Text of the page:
Suave Richard (Jpn), who was runner-up to Rey De Oro (Jpn) in the 2017 Japanese Derby before winning the G1 Osaka Hai at four and the Japan Cup (under Oisin Murphy) as a five-year-old, was the champion first-season sire in Japan for 2023.

The stand-out among his 21 winners is Regaleira (Jpn), who beat Sottsass's brother Shin Emperor (Fr) (Siyouni {Fr}) to win the G1 Hopeful S. on December 28. She owns a special pedigree, her dam Roca (Jpn) (Harbinger {GB}) being out of a three-parts-sister to Deep Impact. Regaleira's recent victory was also the first at Grade 1 level for Harbinger as a broodmare sire. The King George winner of 2010 finished 11th in the general sires' table. 

While Suave Richard, by Heart's Cry, was also responsible for G2 winner Corazon Beat (Jpn) and was the easy winner on progeny earnings, he was not the most prolific when it came to number of winners. That honour went to Moanin, the Grade 1-winning dirt miler by Henny Hughes who was represented by 44 winners, a staggering number by Japanese two-year-old standards, and all recorded on dirt. In fact, the second, third and fourth in the table were all American-bred stallions. Giant's Causeway's son Bricks And Mortar finished runner-up with 14 winners, including the G3 Saudi Arabia Royal Cup scorer Gonbade Qabus (Jpn), and New Year's Day, whose career started in Kentucky but whose first Japanese-bred runners came last season, was represented by 23 winners.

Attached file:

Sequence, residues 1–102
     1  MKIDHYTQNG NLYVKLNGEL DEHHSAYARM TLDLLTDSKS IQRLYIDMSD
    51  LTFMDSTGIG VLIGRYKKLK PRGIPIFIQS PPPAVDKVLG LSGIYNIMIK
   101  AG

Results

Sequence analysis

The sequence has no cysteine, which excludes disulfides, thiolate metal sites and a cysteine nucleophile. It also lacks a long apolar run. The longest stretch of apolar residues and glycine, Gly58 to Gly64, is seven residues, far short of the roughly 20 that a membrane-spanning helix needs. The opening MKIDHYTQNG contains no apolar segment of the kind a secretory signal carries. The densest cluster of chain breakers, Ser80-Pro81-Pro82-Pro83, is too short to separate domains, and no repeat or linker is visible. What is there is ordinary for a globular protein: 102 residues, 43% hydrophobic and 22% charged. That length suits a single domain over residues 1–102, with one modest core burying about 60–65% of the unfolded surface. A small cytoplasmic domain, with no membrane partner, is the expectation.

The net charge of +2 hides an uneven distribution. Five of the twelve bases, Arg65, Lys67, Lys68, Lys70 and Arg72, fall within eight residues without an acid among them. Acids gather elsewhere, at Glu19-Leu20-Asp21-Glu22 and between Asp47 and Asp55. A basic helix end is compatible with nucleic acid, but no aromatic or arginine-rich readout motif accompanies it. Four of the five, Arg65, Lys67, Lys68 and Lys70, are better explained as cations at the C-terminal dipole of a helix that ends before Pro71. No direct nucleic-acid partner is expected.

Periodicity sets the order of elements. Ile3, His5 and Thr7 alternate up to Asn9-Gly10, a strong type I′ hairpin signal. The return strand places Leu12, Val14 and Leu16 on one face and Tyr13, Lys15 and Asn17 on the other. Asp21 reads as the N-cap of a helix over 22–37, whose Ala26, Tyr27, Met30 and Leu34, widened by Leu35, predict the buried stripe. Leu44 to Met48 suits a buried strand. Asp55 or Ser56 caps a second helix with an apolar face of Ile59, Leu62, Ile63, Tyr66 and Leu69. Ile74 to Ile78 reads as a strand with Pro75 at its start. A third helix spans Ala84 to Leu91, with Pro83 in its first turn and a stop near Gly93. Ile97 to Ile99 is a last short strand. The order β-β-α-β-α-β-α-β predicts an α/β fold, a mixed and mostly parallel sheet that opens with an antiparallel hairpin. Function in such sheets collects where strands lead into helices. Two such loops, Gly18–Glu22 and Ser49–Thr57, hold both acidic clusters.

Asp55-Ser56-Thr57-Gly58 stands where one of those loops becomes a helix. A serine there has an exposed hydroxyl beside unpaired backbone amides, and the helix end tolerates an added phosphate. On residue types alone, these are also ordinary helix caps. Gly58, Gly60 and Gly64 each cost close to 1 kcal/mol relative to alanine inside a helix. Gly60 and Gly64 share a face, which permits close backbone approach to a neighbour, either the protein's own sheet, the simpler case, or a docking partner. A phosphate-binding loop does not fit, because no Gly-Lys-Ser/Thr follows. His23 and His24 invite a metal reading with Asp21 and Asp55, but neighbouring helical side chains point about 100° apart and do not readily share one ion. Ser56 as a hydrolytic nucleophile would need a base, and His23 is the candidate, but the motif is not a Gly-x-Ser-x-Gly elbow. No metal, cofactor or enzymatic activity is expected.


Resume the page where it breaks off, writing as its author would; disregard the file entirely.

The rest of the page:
The aforementioned Japanese Derby winner Rey De Oro was fifth with 13 winners, the same number recorded by the dual Dubai World Cup winner Thunder Snow (Ire), who was seventh, just behind Kentucky Derby and Preakness hero California Chrome, who is another to have been moved from America to Japan.